It’s something that can be nice to have, hard to get, and nearly impossible to keep.
I’ve actually talked a lot about money on the blog because I get a lot of questions about how we can afford to do the things we do – particularly purchasing rental properties, renovating houses, and most recently, building a house.
- It’s not voodoo magic.
- It’s not because we’re independently wealthy.
- It’s not even (all) because we’re living in the Midwest, where cost-of-living is lower.
Here’s the bottom line – it’s all about our priorities. Since we got married, Ryan and I focused on saving as much as possible and finding ways to provide future income opportunities (like our rental properties and interest income from savings).
And we’re always (ALWAYS) trying to get better at this money thing. Always. There is always room for improvement.
That’s why my major goal in 2014 is to fight the norm – this is a major financial and philosophical shift for me. We’re nearly halfway into the year and I’ve made some progress on this goal. But I have also had some setbacks.
And most of them are just me. I’m my own setbacks.
But through our financial journey as a couple, I’ve learned what NOT to do the hard way. I’ve made tons of mistakes.
So, I thought that instead of sharing what I would recommend for budgeting, I’d recommend a few surefire ways to fail at budgeting. I know they don’t work because I’ve made these mistakes myself.
And while they are very intuitive, I think that’s the point.
Fail #1 – Don’t know what your goals are.
Our financial priorities and goals are sort of unconventional. And I don’t believe our they are the only way or the right way.
But I do believe that every person and couple needs to KNOW their financial priorities. And I believe that not knowing is the top way to fail at budgeting. Because if you don’t have a financial destination, how will you ever find your way?
If you don’t know why you need to save, why would you ever save?
How can you ever punch in the destination in your financial GPS?
Fail #2 – Don’t track your spending.
I know that budgeting sucks. Normal people don’t think it’s fun. Okay. So I don’t think it’s fun. (I think Ryan does, which leads me to believe he’s not normal.)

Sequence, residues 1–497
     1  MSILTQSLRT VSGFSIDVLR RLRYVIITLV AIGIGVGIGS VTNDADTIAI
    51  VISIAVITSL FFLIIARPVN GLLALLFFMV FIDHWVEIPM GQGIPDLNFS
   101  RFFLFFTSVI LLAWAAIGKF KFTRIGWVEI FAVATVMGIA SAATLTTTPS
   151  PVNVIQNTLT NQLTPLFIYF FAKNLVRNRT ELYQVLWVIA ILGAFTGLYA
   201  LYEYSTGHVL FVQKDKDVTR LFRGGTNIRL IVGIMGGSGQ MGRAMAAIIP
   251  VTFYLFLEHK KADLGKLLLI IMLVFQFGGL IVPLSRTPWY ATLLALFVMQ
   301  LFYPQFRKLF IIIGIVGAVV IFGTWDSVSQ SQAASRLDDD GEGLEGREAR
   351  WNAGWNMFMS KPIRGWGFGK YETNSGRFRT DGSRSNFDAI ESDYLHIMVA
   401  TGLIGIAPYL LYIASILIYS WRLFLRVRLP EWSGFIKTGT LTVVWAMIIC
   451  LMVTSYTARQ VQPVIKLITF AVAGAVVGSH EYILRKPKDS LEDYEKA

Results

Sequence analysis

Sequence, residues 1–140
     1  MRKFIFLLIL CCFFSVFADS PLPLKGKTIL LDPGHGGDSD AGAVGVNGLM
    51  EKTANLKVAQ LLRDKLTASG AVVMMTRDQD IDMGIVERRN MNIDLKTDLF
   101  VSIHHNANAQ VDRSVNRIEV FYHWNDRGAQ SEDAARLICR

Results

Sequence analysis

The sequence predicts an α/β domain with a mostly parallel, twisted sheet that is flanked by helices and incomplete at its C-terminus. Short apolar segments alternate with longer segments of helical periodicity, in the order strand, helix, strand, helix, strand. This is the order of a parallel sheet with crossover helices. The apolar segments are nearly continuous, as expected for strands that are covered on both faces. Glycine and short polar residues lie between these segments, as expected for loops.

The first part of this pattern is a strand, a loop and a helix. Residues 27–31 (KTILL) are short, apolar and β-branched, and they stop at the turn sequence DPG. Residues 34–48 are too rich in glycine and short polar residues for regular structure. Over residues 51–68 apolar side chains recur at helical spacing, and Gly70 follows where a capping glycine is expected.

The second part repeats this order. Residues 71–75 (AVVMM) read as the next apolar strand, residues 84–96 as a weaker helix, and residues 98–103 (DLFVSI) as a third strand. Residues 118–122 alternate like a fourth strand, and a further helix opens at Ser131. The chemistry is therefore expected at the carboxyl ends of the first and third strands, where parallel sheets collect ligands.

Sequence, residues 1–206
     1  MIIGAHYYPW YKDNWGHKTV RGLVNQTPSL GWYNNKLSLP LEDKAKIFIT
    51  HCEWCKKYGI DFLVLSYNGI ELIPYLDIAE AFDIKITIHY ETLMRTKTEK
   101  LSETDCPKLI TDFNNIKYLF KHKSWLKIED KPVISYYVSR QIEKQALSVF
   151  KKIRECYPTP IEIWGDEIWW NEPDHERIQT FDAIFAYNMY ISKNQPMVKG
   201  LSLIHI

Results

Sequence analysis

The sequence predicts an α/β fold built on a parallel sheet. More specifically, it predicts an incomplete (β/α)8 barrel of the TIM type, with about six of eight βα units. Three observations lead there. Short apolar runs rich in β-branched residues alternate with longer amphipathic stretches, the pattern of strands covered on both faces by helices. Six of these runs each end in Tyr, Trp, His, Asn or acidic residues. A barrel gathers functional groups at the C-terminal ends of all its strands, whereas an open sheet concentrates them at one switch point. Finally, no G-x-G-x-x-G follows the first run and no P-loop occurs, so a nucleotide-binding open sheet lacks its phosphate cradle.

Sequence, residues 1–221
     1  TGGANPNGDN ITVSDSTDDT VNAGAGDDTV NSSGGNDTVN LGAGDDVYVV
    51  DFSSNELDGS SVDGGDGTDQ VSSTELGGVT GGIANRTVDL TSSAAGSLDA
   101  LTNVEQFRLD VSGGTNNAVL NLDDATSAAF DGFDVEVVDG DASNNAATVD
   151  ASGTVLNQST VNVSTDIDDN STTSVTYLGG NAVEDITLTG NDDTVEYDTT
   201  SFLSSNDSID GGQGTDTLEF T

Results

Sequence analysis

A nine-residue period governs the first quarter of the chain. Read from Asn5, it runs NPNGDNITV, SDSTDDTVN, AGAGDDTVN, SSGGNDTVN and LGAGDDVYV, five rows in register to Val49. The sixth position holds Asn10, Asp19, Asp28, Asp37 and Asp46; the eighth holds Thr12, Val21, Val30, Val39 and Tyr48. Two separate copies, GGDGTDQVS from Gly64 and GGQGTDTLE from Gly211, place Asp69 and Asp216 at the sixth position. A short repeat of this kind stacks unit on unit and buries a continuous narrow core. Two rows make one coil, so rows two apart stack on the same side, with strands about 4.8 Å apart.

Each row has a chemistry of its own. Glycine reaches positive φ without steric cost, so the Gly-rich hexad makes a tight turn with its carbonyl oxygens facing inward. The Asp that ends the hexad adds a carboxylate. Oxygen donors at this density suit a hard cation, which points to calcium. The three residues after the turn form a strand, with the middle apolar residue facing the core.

But if you want to save more money, I believe that tracking your spending is the only way to do it. Period.
When Henry was born, I fell off the budgeting bandwagon. I didn’t want to think about it because I had enough to think about. But it meant that I spent more frivolously. And I had no clue where our money was really going.
So, now, I’m back to tracking our spending diligently. You can do it in whatever way works for you – I prefer to use an app to categorize all my spending throughout the month.
And we look at our spending together on a regular basis. What’s working for us and what isn’t. Where we are spending ungodly amounts of money (EATING OUT) and where we could really cut back.
Fail #3 – Focus more on MAKING money than on SAVING money.
This is actually something I’ve struggled with a lot this year. Since I left my day job, I’ve been spending more time on freelance work from home.
This is a great way for me to keep my “foot in the door,” so to speak. It sharpens my skills, maintains my network, and even makes a little money for our family. I actually really enjoy the work, too.
But what I’ve found? When I work more, I spend more. Because I’m busy. That means I eat out more. I spend more on clothes. I fill up my gas tank more. I’m more likely to splurge for convenience.
So Ryan and I have been having a lot of conversations about what the “sweet spot” is for freelance work. Instead of focusing on making lots of money on my freelance business – which also causes me more stress and more time away from Henry – I’ll be taking a few select jobs (for the reasons above) and then will spend more time focusing on ways to save more and spend less.
Fail #4 – Don’t talk about money. Ever.
I’ve talked before about why I believe talking about money is so important in any relationship. It’s why I believe in being an open book with your spouse when it comes to money.
But do you want a surefire way to fail at budgeting? Don’t talk to your spouse about money ever. Just do whatever you want and pretend that it doesn’t affect the other person at all.
I’ve done this. There have been times that I spent willy nilly and just pretended that I deserved it and it didn’t matter.
But it did. And it didn’t help Ryan and I move toward our goals. Which is unfair to both of us. And that’s not a recipe for healthy finances or a healthy marriage.
The bottom line
I’ve failed at budgeting in the past.
There. I said it.
But with finances, I’m always learning and growing. And this year, I’ll continue to fight the norm.